Another cogent example would be the disproportionate impacts of the COVID-19 pandemic on Black people in the US and UK. The pandemic is exposing the systemic racial inequalities and disparities in health, education, and employment. Many Black people are dying in shockingly high numbers as they occupy a high proportion of frontline and essential worker positions increasing the risk of exposure to the disease and job losses. This is exacerbated by co-morbidity factors including obesity, hypertension, and diabetes, further creating complications and leading to poorer health outcomes.  

Why is the BHR community largely silent on these issues? 

We rightly focus on the labor practices of people in the developing world who make the clothes for people in the developed markets, but there is limited focus on Black people working in essential services and on the frontline who also need advocates making strong calls to action. Acknowledging that these too are BHR issues while working with business to address the unique circumstances and needs of vulnerable communities disproportionally impacted by COVID-19 will help to address the ingrained disparities that prevent many from realizing their basic human rights. 

Tackling Racism Head-on in Our Organizations

While it is positive to see some organizations within this space issue public statements and show support for Black Lives Matter, this cannot be reduced to a hashtag or public relations opportunity. I know that there are no overnight solutions but not being racist is not enough. The real work starts with being anti-racist—a conscious lifelong dedication to fight and dismantle oppressive systems.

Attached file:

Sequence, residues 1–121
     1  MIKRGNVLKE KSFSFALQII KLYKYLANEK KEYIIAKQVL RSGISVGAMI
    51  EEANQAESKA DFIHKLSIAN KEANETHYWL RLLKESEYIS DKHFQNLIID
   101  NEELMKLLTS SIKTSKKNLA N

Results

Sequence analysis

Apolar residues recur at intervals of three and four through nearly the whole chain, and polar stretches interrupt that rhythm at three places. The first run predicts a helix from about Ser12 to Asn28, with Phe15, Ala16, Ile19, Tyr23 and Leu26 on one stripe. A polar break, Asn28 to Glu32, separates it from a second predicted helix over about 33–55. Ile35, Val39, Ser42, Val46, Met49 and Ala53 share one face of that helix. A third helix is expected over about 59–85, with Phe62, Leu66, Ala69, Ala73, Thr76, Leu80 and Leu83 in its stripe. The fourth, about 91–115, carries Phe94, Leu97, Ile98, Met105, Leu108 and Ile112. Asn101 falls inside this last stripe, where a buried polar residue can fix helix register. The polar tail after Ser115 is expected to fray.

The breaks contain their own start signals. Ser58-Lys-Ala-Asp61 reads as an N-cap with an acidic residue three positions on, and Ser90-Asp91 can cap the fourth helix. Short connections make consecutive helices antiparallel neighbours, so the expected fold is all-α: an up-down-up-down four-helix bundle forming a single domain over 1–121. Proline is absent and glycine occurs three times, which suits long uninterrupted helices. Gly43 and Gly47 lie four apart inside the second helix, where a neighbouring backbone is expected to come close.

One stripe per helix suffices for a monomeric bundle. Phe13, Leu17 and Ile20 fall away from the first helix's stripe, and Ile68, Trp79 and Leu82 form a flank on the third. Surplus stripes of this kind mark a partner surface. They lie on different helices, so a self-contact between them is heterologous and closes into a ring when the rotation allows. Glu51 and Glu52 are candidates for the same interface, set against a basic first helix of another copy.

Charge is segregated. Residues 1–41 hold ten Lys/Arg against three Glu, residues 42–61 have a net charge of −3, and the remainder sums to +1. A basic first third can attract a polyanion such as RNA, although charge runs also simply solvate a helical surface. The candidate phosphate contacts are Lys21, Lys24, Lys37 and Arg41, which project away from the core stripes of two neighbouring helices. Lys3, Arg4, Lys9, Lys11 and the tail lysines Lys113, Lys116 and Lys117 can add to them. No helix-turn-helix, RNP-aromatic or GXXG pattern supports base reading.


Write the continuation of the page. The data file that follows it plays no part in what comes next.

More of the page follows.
Proof will be in the actions, so what should be done? 

Taking action can be reflected in not only embedding diversity and inclusion in our own organizations but also diversifying our own perspectives, research, and thought leadership. The BHR community should work harder to tackle the systems and structures that reinforce racism—which is as much an issue of governance as it is of ownership and power.

Here are a few ways in which we can help in our own work where possible: 

  1. Look beyond the obvious to acknowledge "the unspoken," such as unconscious bias, implicit bias, and microaggressions in the workplace.
  2. Call for more board and leadership diversity in our own organizations and within the business community.
  3. Apply more scrutiny to lobbying efforts made in businesses that are antithetical to diversity. 
  4. Call attention to products and services that reinforce racial stereotypes and bias, including the development and use of artificial intelligence.
  5. Scrutinize investment decisions made by companies and shareholders in systems that disproportionately impact vulnerable groups such as investments in private prisons that contribute to the problem of the mass incarceration of Black people, for example. 
  6. Work towards incorporating diversity, equity, and inclusion in corporate benchmarks to assess and improve company performance on how they are tackling racial injustice by integrating the voices of rightsholders.

The BHR community should work harder to tackle the systems and structures that reinforce racism—which is as much an issue of governance as it is of ownership and power.

It is the responsibility of the business and human rights community to listen, learn, reflect, and act. As we begin to think of ways we can tackle racial injustice, spark dialogue, and ensure that we are not being complicit and part of the problem, I’d like to see a BHR field with less silence and apathy and more anti-racist action. Standing against racism starts with acknowledging the problem and working together to correct historical injustices as a first step. Stating unequivocally that Black Lives Matter while creating spaces for uncomfortable conversations and amplifying voices of the most vulnerable will be another critical step in the right direction.

We do not want more performance activism and tokenism—fostering authentic dialogue is the key to creating real change.

Originally appeared on IHRB